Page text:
Uranium exposure linked to increased lupus rate
By Amanda Harper
People living near a former uranium ore processing facility in Ohio are experiencing a higher than average rate of lupus, according to a new NIEHS-funded study conducted by scientists at the University of Cincinnati (UC) and Cincinnati Children’s Hospital Medical Center.
Systemic lupus erythematosus, or lupus, is a chronic inflammatory disease that can affect the skin, joints, kidneys, lungs, nervous system, and other organs of the body. The underlying causes of lupus are unknown, but it is much more common in women.
For this new study, a collaborative team of UC and Cincinnati Children’s researchers compared lupus rates in people who were exposed to uranium to rates in those who were not, in an effort to explain the high number of lupus cases reported in a suburban Cincinnati community.
Environmental exposures from a former uranium processing plant
In their extensive review of medical records and serum antibody analysis, to verify the cases, the researchers found that people who were exposed to higher levels of uranium, based on their living in close proximity to a former uranium ore processing plant, had lupus rates four times higher than the average population.
“Former studies have suggested that people with lupus may be more sensitive to radiation, and that both genetics and environmental exposures play a role in disease development,” said Pai-Yue Lu, M.D., a pediatric rheumatology fellow at Cincinnati Children’s and lead researcher for the study. “Our study shows a strong correlation between exposure to uranium, a radioactive substance, and an increased lupus rate that merits further investigation.”
“With more research in this area, we may gain additional insight on the types of environmental factors that contribute to lupus development and the mechanisms by which they work,” Lu added. “There could be other effects of uranium and related exposures that could contribute to or help explain our findings.”
Lu presented this finding and its potential implications in November 2012 at the American College of Rheumatology annual meeting in Washington, D.C. She completed the project as part of her master’s degrees in clinical and translational research training (http://www.eh.uc.edu/Clinicalresearch/) at UC.
The Cincinnati-based team’s research is based on nearly two decades of data collected through the Fernald Medical Monitoring Program, (http://intmed.uc.edu/fmmp/global_tpl.cfm?SecId=Overview&SubId=Overview) the first and largest legally mandated comprehensive medical monitoring program in the U.S. The program was established in 1990, after a federal investigation revealed that National Lead of Ohio’s Feed Materials Production Center in the Hamilton County, Ohio, community of Fernald, was emitting dangerous levels of uranium dust and gases into surrounding communities.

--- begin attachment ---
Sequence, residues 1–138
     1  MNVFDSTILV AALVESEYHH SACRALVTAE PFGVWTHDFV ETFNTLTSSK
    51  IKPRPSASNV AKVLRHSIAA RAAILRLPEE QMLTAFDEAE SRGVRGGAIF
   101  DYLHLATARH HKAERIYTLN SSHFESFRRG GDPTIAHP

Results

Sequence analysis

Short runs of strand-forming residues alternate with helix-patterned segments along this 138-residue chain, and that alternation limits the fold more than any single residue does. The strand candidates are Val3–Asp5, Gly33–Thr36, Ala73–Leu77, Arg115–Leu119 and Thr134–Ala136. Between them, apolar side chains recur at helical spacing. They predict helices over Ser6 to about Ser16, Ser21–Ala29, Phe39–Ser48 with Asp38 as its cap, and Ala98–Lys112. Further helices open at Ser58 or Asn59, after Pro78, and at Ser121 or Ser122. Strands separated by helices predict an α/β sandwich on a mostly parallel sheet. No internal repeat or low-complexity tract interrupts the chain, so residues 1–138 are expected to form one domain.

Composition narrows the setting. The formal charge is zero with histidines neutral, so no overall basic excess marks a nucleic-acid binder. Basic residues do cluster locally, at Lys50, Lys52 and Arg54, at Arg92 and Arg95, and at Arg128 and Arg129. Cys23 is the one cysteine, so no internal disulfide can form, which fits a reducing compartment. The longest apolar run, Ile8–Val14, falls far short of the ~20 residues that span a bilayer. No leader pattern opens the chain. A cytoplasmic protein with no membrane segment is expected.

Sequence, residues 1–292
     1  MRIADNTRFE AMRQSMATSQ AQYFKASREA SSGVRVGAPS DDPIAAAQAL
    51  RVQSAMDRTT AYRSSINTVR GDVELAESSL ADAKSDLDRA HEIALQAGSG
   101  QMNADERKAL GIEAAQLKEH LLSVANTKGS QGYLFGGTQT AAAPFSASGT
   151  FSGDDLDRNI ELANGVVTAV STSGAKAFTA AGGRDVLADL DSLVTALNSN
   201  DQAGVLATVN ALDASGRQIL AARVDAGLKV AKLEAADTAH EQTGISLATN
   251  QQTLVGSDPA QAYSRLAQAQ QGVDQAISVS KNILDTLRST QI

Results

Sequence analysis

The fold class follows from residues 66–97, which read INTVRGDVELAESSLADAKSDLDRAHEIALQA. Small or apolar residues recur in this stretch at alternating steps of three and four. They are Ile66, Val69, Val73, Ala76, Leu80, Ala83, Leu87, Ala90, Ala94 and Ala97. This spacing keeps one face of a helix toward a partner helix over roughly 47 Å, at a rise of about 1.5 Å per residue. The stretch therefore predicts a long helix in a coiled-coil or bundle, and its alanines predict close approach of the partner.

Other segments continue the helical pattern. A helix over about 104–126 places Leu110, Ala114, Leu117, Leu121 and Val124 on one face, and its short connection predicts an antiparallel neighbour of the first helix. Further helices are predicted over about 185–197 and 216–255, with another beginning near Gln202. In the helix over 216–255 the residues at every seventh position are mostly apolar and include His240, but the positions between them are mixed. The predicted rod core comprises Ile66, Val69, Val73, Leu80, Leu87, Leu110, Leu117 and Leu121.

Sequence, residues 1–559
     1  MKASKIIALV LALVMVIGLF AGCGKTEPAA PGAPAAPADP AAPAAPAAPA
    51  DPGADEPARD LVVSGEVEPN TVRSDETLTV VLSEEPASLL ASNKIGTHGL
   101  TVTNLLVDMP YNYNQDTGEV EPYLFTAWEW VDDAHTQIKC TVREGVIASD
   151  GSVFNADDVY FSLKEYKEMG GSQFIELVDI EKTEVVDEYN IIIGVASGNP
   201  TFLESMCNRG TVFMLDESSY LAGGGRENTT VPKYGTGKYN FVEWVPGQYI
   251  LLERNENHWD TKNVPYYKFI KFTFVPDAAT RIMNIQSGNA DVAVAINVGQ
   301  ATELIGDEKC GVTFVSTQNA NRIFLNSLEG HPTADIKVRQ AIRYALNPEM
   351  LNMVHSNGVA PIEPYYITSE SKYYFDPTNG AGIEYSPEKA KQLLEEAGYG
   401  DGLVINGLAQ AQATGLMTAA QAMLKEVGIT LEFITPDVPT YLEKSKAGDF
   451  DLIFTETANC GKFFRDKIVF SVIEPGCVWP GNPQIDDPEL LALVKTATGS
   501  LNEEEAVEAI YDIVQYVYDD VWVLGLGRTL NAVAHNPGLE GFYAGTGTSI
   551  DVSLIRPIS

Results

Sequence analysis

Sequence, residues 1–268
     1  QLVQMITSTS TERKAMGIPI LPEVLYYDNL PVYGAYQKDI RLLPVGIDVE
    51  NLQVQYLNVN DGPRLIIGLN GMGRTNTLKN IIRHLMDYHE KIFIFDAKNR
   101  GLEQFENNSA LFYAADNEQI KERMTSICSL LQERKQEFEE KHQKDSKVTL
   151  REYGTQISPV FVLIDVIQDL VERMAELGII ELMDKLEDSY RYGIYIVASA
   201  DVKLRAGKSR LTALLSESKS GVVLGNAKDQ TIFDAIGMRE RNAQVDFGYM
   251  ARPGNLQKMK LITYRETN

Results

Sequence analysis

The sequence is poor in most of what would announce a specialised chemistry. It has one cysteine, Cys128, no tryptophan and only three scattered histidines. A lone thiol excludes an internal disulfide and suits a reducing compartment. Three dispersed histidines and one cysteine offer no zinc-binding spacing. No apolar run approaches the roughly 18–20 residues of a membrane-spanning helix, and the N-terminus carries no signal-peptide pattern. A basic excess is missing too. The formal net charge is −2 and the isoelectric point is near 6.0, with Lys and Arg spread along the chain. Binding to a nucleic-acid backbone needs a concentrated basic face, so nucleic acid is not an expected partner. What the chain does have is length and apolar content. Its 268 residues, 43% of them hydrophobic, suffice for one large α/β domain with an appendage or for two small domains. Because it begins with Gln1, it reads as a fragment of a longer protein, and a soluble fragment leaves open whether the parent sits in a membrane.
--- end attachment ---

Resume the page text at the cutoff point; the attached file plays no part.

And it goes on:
“The availability of this cohort, and carefully collected data and biospecimens, provides a great setting to ask research questions,” said Susan Pinney, Ph.D., (http://www.eh.uc.edu/dir_individual_details.asp?qcontactid=81) UC professor of environmental health and principal investigator on the Fernald study.
Almost 10,000 community residents enrolled in the Fernald Medical Monitoring Program. Community residents were classified into several exposure groups — high exposure, moderate exposure, low exposure, and no exposure. Uranium plant workers were not part of this study, since the focus of the study was environmental rather than occupational exposure.
“Typical U.S. incidence rates for lupus are 1.8 to 7.6 cases per 100,000. Among the 25 confirmed lupus cases we identified through the Fernald community cohort, 12 were in the high exposure group, eight experienced moderate exposure, and five were in the low exposure group,” Lu explained.
Research was supported by a pilot grant from the Center for Environmental Genetics (CEG), (http://www.eh.uc.edu/ceg/project_overview.asp) an NIEHS-funded program to support core facilities and technologies needed to conduct innovative research that focuses on how environmental agents interact with genetic and epigenetic factors to influence disease risk and outcome. Shuk-mei Ho, Ph.D., (http://www.eh.uc.edu/dir_individual_details.asp?qcontactid=702) the Jacob A. Schmidlapp Endowed Chair and professor in the UC Department of Environmental Health, serves as director of the CEG.
Citation: Lu P-Y, Kottyan LC, Pinney SM, James JA, Xie C, Buckholz JM, Harley JB. 2012. Identifying a Link Between Uranium Exposure and Systemic Lupus Erythematosus in a Community Living near a Uranium Plant. Arthritis Rheum 64:(10Suppl) (http://www.rheumatology.org/education/annual/2012_Abstract_Supplement.pdf#toolbar=1) :S686.
(Amanda Harper is a public information officer in the Office of Public Relations and Communications at the UC Academic Health Center. For more information about this study, contact Harper by phone at 513-558-4657 or by email at firstname.lastname@example.org)